What you might not know about Utah Tech

There are many ongoing construction projects going on throughout campus with future plans to add onto Utah Tech University and bring resources to students. With the non-stop construction and improvements, there are many facts you may not know about Utah Tech. Miki Akiyama | Sun News Daily

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Utah Tech University is growing exponentially. With new programs, buildings and construction, many students can’t keep up with the constant changes.

Aside from growth at Utah Tech, students have a wide range of services available to them that they may not know about. Much of this growth is due to the construction and expansion of Utah Tech.

Bryant Flake, executive director of planning and budget, said, “The future of Utah Tech is incredibly bright.”

South Campus

One of the biggest changes coming to Utah Tech is the addition of a south campus. Nesting between the Career and Technical High School and Desert Color lies 186 acres of land waiting to be developed.

Jon Gibb, director of planning and construction, said, “It’s a really good opportunity to expand and grow programs.”

This addition of the south campus would make Utah Tech’s campus 296 acres in total, doubling the size of the campus now.

Paul Morris, vice president of administrative affairs, said they are currently testing soil levels and creating a master plan to discuss possible buildings and programs that will be offered there.

Morris said: “From academic buildings to athletic facilities and hotels to buildings where entrepreneurship will happen to an innovation district. It’s a lot of fun to start at the ground level and take up a raw piece of ground and build a campus.”

Currently, the plan is to continue growing the main campus for another 10 years before working on the south campus, which would add more facilities to Utah Tech.

Gibb plans to announce the master plan for the south campus at a public forum for students to attend in the Eccles main stage April 1 at 11:00 a.m.

“We would love student feedback,” Gibb said. “It will be exciting to see what it could look like.”

St. George Fire Station 1

With large bays and ample office space, Utah Tech purchased this fire station in November and has plans to move programs in there.

The first big move will be for the Road Scholar Program, which is currently parked at the University Inn. This space will allow the buses to be closer to campus.

“We have all our buses that provide for athletics and other transportation needs,” Gibb said. “The new space fits the buses really well. They can park and maintain them easily.”

Another addition to this space will be for government vehicles.

Morris said, “We will have about five state cars over there and an electric key box where government employees can rent those cars and pick them up from that location.”

The last addition to this fire station will be partially moving the Outdoor Adventures Recreation Center. The space is currently underneath the gym in the Student Activity Center.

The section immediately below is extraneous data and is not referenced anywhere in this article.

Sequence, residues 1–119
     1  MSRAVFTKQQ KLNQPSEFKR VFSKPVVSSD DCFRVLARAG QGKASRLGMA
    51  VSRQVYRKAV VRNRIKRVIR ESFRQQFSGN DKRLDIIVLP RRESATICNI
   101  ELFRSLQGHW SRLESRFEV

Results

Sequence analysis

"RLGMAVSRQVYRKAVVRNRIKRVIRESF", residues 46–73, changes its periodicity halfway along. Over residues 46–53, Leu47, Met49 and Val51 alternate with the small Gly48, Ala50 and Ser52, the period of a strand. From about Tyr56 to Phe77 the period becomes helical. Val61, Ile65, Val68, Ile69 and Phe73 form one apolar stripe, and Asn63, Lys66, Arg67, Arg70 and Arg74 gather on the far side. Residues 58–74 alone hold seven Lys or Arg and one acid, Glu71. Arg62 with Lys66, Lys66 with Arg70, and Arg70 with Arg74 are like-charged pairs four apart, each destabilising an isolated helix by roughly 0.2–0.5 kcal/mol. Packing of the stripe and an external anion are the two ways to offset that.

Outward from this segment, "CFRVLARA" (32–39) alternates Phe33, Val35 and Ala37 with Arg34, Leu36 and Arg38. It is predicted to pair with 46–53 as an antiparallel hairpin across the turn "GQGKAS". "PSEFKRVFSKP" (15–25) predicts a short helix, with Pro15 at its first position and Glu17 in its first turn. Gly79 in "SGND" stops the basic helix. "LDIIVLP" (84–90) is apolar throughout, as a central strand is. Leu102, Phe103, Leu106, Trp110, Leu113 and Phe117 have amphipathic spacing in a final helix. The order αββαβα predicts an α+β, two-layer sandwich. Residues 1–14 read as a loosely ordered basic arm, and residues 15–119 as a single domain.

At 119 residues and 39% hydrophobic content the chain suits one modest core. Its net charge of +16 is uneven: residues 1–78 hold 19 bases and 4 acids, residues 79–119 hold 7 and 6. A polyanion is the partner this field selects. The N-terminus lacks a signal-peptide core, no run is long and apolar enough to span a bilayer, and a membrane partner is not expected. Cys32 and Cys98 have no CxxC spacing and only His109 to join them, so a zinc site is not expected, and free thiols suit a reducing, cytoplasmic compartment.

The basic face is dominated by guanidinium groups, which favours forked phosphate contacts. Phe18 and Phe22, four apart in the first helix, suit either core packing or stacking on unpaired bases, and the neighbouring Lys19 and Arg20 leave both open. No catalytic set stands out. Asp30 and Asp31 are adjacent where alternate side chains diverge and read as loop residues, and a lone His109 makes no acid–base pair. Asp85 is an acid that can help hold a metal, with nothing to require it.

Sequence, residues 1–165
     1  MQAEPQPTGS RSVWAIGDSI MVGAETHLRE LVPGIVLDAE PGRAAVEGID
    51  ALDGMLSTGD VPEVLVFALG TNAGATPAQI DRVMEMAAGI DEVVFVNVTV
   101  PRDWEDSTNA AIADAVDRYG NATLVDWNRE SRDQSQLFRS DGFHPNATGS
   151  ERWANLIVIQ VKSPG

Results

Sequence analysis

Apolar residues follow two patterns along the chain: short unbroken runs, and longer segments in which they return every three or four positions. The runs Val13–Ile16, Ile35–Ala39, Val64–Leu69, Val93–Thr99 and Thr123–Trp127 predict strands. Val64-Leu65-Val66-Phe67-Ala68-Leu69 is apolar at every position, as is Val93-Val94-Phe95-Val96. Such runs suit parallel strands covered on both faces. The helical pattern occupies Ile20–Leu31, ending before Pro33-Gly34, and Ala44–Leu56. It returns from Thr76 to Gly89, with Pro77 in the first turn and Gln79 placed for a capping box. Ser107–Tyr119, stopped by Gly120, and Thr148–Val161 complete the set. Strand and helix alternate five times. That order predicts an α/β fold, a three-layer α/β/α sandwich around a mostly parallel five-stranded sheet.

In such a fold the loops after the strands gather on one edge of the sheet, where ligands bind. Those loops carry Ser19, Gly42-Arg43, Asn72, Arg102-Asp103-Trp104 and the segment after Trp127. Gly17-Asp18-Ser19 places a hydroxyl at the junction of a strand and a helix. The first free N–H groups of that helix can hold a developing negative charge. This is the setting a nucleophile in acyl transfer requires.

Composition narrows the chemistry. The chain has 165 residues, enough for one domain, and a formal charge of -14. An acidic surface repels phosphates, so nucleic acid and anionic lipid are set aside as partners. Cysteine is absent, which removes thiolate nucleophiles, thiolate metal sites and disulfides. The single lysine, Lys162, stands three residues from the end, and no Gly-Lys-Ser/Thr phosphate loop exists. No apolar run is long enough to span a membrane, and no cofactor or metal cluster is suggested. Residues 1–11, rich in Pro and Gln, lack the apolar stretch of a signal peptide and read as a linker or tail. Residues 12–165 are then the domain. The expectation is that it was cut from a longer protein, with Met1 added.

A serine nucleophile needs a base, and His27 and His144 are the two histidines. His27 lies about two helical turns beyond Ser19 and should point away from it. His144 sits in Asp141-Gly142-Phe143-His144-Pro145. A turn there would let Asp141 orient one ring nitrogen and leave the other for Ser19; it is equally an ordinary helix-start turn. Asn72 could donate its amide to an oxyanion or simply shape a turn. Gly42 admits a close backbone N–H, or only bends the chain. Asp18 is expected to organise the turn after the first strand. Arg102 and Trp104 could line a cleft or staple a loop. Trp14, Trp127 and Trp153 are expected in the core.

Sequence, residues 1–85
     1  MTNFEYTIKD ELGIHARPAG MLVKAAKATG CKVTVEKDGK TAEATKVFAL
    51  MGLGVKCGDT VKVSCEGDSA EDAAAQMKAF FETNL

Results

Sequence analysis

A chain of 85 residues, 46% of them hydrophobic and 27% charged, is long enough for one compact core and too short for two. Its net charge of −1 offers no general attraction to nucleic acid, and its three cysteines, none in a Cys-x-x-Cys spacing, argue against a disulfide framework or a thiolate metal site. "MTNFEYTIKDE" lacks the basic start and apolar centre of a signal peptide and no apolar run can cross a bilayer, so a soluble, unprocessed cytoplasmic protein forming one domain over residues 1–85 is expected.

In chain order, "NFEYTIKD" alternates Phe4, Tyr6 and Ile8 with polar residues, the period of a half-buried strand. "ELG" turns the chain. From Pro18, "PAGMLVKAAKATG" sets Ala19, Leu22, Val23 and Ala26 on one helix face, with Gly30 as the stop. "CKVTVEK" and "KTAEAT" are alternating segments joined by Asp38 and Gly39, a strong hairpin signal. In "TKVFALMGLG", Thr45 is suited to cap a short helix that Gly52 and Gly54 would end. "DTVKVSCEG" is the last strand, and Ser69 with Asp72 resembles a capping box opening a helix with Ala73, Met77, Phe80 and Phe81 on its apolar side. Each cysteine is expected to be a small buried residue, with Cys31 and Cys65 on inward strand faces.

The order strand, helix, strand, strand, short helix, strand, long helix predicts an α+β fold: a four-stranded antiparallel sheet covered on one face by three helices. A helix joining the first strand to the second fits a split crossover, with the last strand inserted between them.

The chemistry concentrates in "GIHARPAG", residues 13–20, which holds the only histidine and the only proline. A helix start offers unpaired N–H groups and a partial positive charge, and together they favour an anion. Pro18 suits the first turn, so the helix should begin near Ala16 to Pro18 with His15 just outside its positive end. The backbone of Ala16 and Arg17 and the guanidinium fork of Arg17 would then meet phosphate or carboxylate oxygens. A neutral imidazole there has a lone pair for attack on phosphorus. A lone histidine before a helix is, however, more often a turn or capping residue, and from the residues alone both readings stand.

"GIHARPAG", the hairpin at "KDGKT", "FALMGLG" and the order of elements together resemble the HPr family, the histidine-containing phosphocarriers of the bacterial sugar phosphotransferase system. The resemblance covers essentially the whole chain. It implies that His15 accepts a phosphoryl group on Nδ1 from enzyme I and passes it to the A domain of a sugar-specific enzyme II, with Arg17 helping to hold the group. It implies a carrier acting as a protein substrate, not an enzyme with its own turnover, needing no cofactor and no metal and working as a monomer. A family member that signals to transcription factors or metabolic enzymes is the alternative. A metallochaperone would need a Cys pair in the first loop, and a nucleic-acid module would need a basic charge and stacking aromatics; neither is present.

Because the fire station has large bays, the ORAC will move their larger items over to the station to allow easier cleanup and rental services.

Students can rent bikes, kayaks, paddle boards and other large items in the new space. Morris said this will allow students to easily pull their cars up to the garage doors and load the equipment into their cars.

General Classroom Building

The General Classroom Building will be the hub for all freshman and humanities and social science students.

The building is estimated to be completed in summer 2025. It will house many programs in the 120,000-square-foot facility, and it will include 53 teaching spaces and 125 faculty offices.

Upon completion, the English department will move out of the Holland building along with the Humanities department in the McDonald and into the new building.

“The domino effect of this building is we will eventually have everyone out of the North Plaza,” Morris said. “The Testing Center will move to the fourth floor of the library, and the Booth Wellness Center may end up there, but that’s not for sure.”

Gibb said the McDonald Center building will also be renovated, which will allow the art department to move in there. In the future, Morris said the North Plaza will be torn down to make room for parking or a field.

“It [the General Classroom Building] has an art project in it that is just phenomenal,” Morris said. “It’s pieces of colored glass that hang on cable from the ceiling. I can’t do it justice by attempting to describe it.”

With all of these changes, future students can expect more buildings and programs than ever before.

Gibb said, “The whole point is transforming campus into a place where students can live, learn, be resilient and find their destiny.”